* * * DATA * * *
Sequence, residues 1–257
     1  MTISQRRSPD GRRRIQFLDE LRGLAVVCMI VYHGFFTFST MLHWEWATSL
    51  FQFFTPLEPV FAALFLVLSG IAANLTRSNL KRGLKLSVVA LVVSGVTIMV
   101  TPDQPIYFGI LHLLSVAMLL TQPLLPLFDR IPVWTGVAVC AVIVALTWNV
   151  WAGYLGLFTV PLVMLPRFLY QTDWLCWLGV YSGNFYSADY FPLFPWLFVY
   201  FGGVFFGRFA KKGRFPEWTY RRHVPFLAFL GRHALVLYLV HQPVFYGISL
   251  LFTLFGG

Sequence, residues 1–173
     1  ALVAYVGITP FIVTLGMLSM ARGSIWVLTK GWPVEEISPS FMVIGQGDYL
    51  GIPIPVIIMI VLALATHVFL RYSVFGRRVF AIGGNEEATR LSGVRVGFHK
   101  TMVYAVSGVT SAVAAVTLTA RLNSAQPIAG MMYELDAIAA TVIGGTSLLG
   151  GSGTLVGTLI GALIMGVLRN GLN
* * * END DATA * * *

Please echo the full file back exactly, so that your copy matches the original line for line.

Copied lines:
Sequence, residues 1–257
     1  MTISQRRSPD GRRRIQFLDE LRGLAVVCMI VYHGFFTFST MLHWEWATSL
    51  FQFFTPLEPV FAALFLVLSG IAANLTRSNL KRGLKLSVVA LVVSGVTIMV
   101  TPDQPIYFGI LHLLSVAMLL TQPLLPLFDR IPVWTGVAVC AVIVALTWNV
   151  WAGYLGLFTV PLVMLPRFLY QTDWLCWLGV YSGNFYSADY FPLFPWLFVY
   201  FGGVFFGRFA KKGRFPEWTY RRHVPFLAFL GRHALVLYLV HQPVFYGISL
   251  LFTLFGG

Sequence, residues 1–173
     1  ALVAYVGITP FIVTLGMLSM ARGSIWVLTK GWPVEEISPS FMVIGQGDYL
    51  GIPIPVIIMI VLALATHVFL RYSVFGRRVF AIGGNEEATR LSGVRVGFHK
   101  TMVYAVSGVT SAVAAVTLTA RLNSAQPIAG MMYELDAIAA TVIGGTSLLG
   151  GSGTLVGTLI GALIMGVLRN GLN